Information is powerful. It can give you great insight and guide you in where to go.
Recently I used a program that provides demographic information, along with trends, and insights into the area our church resides in and serves.
It was quite enlightening. I found out that the area is aging, getting wealthier, and has a growing number of people with higher educational degrees. There is also a growing middle age segment of the population. The overall trends regarding religion are that people are less influenced by religion and are engaged with religion less and less. As for interests, it seems that people in this region are most interested in their own health, their finances, and their futures.
When I read this, I see the connection of these things — an aging wealthier and smarter group of individuals who earned their success and are trying to figure out how to keep it. This isn’t a judgement — it’s a summary of who the people around the church are.
And there is also a segment of the population that doesn’t really show up in the demographics — the poor and homeless, the prostitutes, victims of human trafficking. That population is smaller than the main population, but it’s there. I know — I encounter them often. The overall trends regarding religion are that they don’t feel they are worthy of being a part of church, but they love the message of Jesus. They interact with the church typically in non-worship functions that the church offers — social ministry and hands on ministry. As for interests, they are concerned with where they are going to get their next meal, do they have enough for somewhere to stay, and how to pay this or that unexpected bill. The focus is on the present tense.
Apparently then, there are two populations that don’t intersect very often. If they do, it is usually pretty negative in society. An example that I witnessed was in Harrisburg. I was walking down the street to a meeting and a woman was in front of me. We crossed the street and there was a man waiting on the corner. He looked as though he were going to ask for some help. She must have been hit up by him previous because she shouted at the top of her lungs at him to stop begging for money — to stop taking people’s money. She swore at him, all while she was walking along. He mumbled something, but didn’t respond directly to her. I reached my car and the women went on. The man came over to approach me and did ask for money. I often don’t have any cash on me, so I told him I didn’t have any. He looked disappointed. He said he was just trying to get on the bus to go to work. I went on my way to my next meeting. Could I have done something different? Sure. I could have taken him to work — or at least asked him where work was. But I didn’t. Too busy I guess. I have no idea if this guy was telling the truth. But really it didn’t matter. I tell you this story in order to make a bigger point.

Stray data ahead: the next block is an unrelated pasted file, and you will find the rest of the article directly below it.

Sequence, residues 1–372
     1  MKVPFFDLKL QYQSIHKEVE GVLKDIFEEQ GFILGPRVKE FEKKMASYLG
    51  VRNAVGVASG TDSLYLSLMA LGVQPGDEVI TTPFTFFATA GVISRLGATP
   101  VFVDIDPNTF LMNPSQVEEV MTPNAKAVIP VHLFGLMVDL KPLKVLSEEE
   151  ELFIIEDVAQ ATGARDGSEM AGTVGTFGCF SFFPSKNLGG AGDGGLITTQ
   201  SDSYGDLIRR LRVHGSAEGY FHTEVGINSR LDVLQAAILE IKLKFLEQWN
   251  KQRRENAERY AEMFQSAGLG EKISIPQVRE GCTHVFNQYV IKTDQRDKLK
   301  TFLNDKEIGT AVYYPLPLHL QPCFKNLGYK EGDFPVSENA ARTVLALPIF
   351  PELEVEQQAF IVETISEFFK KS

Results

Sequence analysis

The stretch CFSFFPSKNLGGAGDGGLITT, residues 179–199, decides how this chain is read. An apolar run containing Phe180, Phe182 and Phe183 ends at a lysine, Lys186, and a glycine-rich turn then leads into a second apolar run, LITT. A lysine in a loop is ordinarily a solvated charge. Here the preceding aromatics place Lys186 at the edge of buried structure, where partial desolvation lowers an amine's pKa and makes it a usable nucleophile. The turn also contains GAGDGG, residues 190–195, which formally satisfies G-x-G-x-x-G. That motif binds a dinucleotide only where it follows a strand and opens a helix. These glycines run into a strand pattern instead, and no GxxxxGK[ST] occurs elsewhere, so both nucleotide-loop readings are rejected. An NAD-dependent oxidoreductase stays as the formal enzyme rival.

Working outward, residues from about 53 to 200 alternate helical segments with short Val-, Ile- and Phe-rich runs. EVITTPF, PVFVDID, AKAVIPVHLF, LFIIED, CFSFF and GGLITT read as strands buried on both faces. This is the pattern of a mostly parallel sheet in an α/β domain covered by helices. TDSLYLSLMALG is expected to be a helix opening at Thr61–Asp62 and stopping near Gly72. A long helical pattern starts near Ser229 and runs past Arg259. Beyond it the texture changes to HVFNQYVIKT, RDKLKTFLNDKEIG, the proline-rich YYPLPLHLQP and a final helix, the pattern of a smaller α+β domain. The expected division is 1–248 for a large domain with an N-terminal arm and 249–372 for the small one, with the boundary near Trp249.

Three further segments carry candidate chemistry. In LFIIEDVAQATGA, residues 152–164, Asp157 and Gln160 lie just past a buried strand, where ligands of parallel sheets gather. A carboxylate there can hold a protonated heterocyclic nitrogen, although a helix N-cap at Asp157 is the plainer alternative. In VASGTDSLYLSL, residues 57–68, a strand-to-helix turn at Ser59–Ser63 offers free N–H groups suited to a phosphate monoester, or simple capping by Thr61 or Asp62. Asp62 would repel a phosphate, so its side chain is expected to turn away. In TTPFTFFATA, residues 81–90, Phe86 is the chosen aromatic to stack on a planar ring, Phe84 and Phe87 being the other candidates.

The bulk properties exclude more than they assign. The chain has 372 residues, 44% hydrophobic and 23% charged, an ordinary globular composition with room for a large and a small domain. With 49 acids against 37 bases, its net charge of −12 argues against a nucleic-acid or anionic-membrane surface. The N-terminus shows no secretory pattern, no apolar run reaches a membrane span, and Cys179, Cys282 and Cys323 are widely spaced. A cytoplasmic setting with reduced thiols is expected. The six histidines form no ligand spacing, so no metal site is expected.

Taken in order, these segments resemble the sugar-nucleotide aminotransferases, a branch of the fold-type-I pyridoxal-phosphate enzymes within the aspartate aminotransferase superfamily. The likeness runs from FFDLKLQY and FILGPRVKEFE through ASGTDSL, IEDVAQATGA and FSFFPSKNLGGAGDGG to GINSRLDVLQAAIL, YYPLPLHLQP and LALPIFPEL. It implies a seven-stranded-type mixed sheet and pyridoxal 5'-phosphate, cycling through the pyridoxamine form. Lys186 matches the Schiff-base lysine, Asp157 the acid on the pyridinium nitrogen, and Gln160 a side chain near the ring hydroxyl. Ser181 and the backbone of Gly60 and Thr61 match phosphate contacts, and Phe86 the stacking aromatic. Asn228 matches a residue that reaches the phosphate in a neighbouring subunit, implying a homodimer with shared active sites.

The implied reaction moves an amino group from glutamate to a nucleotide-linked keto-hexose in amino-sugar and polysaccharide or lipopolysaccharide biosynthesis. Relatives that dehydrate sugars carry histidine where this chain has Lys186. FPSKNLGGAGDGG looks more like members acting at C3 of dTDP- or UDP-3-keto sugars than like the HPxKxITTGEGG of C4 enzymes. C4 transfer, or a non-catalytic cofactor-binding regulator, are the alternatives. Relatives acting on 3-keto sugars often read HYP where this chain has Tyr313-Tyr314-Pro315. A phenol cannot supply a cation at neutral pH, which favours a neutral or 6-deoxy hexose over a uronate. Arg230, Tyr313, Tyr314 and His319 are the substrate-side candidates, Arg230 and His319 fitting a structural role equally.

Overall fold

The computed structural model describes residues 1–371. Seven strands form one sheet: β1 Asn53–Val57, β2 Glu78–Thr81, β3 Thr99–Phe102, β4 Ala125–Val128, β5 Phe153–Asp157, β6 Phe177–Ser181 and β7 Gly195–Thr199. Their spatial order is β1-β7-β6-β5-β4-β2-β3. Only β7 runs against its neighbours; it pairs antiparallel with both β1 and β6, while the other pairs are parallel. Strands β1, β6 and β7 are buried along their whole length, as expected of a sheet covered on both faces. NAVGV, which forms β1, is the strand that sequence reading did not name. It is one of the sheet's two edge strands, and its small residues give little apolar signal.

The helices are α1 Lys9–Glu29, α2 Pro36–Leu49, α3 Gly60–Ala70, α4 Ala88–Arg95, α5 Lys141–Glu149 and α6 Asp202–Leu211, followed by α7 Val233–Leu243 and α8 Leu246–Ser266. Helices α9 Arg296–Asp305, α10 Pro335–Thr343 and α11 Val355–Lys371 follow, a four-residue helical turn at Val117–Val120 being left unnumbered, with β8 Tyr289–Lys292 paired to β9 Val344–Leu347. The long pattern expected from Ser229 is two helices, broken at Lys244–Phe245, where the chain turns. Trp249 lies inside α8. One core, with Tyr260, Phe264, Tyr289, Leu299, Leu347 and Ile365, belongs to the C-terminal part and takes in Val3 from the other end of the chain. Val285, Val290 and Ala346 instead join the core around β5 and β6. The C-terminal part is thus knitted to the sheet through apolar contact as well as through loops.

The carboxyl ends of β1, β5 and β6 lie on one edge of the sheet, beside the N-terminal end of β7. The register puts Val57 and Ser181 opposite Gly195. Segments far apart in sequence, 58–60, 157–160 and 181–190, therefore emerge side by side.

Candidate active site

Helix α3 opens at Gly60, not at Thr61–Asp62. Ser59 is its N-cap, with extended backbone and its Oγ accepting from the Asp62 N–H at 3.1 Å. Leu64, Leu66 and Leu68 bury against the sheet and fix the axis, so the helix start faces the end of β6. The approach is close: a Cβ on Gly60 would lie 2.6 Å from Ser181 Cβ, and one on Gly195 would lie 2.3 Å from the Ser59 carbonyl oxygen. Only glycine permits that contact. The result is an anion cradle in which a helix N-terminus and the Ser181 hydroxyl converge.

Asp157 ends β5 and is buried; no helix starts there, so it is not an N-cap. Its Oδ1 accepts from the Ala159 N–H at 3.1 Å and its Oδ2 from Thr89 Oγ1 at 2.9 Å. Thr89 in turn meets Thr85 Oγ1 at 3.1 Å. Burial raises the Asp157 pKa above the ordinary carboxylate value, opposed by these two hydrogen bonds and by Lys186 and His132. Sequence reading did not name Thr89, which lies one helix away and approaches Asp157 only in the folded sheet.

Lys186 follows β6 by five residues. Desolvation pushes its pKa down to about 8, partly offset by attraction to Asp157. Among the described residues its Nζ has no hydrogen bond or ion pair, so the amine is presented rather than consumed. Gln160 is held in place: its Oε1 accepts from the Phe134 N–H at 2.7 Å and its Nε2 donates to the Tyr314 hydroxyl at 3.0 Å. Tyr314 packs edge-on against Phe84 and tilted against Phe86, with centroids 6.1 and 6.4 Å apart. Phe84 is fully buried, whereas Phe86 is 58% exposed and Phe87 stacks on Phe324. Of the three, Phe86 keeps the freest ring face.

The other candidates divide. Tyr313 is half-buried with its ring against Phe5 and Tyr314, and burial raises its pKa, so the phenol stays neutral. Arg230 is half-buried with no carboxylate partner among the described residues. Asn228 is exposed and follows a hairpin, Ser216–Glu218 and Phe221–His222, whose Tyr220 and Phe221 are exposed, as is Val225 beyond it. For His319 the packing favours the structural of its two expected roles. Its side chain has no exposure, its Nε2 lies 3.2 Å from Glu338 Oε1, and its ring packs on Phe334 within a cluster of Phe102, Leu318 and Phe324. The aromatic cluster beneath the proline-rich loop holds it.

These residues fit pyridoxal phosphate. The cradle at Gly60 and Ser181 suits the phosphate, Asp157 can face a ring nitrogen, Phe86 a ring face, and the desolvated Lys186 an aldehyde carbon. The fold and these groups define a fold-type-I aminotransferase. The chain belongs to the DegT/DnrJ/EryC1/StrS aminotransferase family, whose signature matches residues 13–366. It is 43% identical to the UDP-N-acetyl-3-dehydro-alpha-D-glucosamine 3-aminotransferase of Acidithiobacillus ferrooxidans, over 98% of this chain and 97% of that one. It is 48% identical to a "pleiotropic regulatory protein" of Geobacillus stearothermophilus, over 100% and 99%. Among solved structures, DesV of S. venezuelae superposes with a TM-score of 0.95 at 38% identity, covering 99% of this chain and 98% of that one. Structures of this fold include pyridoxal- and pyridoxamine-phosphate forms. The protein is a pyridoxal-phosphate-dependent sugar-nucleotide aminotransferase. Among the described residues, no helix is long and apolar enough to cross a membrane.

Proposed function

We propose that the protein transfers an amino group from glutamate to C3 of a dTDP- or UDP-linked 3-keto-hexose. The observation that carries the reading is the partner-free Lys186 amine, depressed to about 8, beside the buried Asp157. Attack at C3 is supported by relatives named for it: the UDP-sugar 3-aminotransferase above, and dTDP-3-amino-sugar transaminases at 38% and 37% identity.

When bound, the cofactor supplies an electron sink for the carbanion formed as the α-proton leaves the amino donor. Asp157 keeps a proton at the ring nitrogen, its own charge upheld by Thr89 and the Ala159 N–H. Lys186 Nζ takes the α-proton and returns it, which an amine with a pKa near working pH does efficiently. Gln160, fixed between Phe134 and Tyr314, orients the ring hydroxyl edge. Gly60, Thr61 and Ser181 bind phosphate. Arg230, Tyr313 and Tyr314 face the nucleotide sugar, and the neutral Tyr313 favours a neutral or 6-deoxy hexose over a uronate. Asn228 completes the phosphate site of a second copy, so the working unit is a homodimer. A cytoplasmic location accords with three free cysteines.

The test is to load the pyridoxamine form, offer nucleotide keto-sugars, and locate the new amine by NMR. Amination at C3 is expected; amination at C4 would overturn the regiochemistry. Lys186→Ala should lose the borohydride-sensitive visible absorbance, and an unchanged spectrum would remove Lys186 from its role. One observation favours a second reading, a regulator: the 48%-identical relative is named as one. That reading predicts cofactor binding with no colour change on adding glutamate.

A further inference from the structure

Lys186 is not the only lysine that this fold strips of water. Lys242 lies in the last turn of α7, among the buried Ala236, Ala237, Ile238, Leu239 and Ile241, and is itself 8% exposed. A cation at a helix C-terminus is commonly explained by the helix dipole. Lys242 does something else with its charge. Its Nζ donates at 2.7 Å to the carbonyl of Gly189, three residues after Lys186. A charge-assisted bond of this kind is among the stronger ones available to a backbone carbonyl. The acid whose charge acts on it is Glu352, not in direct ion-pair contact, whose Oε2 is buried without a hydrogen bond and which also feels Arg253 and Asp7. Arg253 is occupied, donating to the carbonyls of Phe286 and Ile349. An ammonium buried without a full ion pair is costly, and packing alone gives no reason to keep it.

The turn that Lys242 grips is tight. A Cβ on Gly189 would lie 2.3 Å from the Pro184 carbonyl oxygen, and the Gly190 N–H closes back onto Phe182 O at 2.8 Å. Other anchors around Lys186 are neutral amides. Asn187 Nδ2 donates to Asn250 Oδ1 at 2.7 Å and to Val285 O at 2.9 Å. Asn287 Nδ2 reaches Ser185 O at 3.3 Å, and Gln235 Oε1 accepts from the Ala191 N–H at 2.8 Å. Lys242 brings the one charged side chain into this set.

Homelessness, human trafficking, poverty, prostitution, and more affect you. You may not experience people caught in these things directly, or maybe you do. But they affect you. They affect you because when one person is caught in these, it impacts the whole of society. I saw an estimate once that claimed that one homeless person uses $250,000 a year worth of medical services. How so? Well, a homeless person probably doesn’t have health insurance. They have limited money and therefore buy the cheapest food they can find to fill their stomachs. They typically have health challenges — many are diabetic. When there is a health problem, they don’t go to their doctor because they don’t have one — they go to the hospital. Guess who pays that bill? If there is trouble with the law, guess where they go — jail. Guess who pays that bill? It’s paid through our taxes.
Imagine a different way of handling these situations. Imaging offering housing first in order to get someone off the streets. To recognize their humanity. Taking that burden off of someone makes a big difference for a person. It is one stress they have taken care off. And it allows a person to start tackling other challenges. In the long run, it cost far less, and is more caring and compassionate to pay for housing for someone who is homeless than it is to do nothing and end up paying for all the services they use. The cost isn’t just in terms of money, but there is also a human cost.
The point is, if all we ever care about is ourselves, then we blind. And it will cost us a great deal more than if we pay attention to the greater needs of society.
Originally published at laceduplutheran.com on July 31, 2018.